I have a race of humanoid creatures who have just been killed. There are 11 of them in total. Setting is a compound in the mountains at the onset of winter, containing about 150 children ranging in age from 6 to 16. The new leader of the children has decided to dispose of the bodies by burning. (Not enough stones nearby, ground too hard for digging, don't want to dump them in a heap to get gnawed on by critters.)
Technology is roughly that of 1600s. Fuel supply in this isolated area is limited to wood and lamp (whale) oil, no gasoline or pitch. Trees are all around. Some of the bigger kids are used to chopping wood, so they can get a good supply if they work at it.
1) How much wood would it take to burn 11 bodies, given that no accelerant is available and that ambient temperature is below freezing? Is it reasonable that you could build up this much wood over six days? Would wood chopped a few days ago be too "green" to use?
(This site mentions that it takes 480 kg (~1000 lbs) of wood to burn one body in the Hindu tradition. Can anyone confirm? That's a lot of wood! http://www.zundelsite.org/debate/041_jam.html)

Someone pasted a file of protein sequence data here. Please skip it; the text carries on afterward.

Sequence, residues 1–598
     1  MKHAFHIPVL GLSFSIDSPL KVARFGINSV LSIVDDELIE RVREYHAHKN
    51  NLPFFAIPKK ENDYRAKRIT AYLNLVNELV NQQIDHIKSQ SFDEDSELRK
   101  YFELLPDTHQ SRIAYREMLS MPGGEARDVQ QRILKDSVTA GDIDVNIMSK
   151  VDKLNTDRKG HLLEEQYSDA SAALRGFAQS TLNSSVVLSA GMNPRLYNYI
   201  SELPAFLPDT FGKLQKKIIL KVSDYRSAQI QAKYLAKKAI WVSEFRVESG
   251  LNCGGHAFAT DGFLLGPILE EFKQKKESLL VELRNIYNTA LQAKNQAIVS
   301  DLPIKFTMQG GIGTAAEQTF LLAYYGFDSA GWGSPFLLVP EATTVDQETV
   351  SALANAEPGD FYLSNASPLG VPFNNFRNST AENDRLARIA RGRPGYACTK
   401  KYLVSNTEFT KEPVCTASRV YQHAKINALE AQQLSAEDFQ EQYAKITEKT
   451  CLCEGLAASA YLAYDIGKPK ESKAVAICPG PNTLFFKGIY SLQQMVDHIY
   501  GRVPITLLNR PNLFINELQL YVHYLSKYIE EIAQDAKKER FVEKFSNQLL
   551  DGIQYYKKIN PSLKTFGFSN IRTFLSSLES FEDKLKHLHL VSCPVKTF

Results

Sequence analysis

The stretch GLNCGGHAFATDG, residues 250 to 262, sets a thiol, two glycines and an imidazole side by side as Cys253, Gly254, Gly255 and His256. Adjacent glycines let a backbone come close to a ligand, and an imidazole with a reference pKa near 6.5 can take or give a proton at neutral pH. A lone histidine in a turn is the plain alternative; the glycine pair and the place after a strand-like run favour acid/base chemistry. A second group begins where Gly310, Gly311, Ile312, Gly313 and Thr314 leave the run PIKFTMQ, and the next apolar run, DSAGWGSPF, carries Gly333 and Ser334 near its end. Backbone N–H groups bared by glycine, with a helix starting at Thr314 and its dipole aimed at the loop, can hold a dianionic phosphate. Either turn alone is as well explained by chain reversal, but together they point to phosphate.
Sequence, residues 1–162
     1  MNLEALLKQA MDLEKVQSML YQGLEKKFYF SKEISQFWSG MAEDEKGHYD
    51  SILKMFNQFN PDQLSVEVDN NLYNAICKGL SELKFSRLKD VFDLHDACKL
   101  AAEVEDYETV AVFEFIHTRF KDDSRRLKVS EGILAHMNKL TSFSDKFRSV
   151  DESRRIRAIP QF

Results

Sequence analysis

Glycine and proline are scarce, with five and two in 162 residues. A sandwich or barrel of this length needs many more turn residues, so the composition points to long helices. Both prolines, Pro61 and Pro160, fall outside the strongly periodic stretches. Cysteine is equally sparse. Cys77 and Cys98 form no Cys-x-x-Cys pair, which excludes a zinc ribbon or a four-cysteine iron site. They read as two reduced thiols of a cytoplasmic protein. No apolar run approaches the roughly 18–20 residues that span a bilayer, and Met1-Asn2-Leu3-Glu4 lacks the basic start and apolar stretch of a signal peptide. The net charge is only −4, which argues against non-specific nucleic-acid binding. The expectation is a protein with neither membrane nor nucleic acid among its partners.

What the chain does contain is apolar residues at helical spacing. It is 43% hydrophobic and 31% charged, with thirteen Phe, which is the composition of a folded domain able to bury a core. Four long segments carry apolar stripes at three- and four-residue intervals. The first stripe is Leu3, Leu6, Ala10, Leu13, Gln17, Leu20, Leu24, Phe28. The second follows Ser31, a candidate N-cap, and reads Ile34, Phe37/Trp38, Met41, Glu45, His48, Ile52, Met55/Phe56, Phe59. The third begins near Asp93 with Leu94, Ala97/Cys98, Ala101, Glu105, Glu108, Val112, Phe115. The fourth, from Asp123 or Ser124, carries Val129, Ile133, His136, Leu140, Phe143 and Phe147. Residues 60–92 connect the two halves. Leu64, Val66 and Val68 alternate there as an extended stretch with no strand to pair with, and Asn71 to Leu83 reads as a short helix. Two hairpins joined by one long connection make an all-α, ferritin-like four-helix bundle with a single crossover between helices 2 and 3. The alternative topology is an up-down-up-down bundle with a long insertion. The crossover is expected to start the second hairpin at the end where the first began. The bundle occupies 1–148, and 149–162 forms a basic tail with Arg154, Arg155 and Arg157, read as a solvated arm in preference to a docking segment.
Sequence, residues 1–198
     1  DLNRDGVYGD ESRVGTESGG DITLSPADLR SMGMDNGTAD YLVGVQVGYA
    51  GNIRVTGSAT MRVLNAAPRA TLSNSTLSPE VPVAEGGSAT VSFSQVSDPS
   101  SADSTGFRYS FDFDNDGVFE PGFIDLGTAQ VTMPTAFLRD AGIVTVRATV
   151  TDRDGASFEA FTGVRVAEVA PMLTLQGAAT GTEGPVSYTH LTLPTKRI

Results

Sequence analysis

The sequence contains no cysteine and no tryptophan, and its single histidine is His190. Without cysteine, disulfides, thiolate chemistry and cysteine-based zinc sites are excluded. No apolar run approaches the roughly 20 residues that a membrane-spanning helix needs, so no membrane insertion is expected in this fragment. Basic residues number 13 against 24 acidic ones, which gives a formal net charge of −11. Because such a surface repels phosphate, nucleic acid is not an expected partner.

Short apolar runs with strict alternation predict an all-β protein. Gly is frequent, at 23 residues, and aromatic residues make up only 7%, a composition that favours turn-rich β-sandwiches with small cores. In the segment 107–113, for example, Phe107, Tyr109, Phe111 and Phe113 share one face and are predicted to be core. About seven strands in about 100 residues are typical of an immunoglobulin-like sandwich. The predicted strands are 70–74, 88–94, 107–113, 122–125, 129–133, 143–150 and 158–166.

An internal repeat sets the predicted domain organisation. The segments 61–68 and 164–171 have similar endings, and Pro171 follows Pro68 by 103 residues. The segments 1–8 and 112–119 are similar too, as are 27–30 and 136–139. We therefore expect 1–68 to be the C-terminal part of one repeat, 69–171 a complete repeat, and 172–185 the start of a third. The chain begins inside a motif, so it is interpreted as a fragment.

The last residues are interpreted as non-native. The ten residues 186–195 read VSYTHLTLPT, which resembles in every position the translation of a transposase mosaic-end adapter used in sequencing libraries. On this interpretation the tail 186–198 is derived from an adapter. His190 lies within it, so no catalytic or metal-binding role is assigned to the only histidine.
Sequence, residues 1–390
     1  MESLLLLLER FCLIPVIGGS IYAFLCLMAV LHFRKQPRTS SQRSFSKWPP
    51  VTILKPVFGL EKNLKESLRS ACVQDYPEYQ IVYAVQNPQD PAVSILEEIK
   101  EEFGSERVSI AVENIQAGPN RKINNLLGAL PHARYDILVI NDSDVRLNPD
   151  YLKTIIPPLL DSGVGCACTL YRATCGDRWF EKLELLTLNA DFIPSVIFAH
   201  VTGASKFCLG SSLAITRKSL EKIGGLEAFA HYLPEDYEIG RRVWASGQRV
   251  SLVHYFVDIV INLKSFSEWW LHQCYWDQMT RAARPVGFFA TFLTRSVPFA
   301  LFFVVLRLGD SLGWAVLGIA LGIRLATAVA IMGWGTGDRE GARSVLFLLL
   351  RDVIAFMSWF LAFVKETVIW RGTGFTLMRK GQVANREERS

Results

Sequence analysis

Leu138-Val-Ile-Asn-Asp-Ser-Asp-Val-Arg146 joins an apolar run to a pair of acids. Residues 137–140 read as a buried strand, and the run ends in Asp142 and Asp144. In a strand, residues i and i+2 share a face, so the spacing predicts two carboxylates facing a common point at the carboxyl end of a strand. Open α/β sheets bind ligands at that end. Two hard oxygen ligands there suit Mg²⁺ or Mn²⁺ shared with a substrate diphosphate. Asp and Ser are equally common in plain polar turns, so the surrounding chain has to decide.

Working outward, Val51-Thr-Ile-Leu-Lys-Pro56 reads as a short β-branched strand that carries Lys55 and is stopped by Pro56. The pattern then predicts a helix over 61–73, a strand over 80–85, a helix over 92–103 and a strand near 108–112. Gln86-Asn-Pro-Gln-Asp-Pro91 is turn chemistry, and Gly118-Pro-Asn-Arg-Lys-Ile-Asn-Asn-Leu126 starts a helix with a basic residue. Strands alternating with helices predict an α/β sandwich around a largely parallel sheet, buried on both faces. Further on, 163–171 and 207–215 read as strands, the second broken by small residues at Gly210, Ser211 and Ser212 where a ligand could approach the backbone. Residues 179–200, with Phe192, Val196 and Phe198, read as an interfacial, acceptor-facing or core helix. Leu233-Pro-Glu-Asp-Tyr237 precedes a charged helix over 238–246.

2) For burning that many bodies, would it be better to stack them all on a single pyre?
3) Would whale-fat lamp oil help the burn? How much would you need?
4) How long does a pyre have to burn before you just have bones? (Assume that the fire is as hot as you can get it, given the information above. Winter, no advanced accelerant.)
I've tried Googling "open-air cremation", "funeral pyre," "funeral pyre winter", "how long to burn body". Found very little detailed information on the criteria above. I did find the following page on how to build a pyre, but it advises using kerosene (don't have that) and doesn't talk quantity.
Starting to think that cremation is just not reasonable, and the outdoor predators will be having a great snack after all. :-(
Any advice or info is appreciated!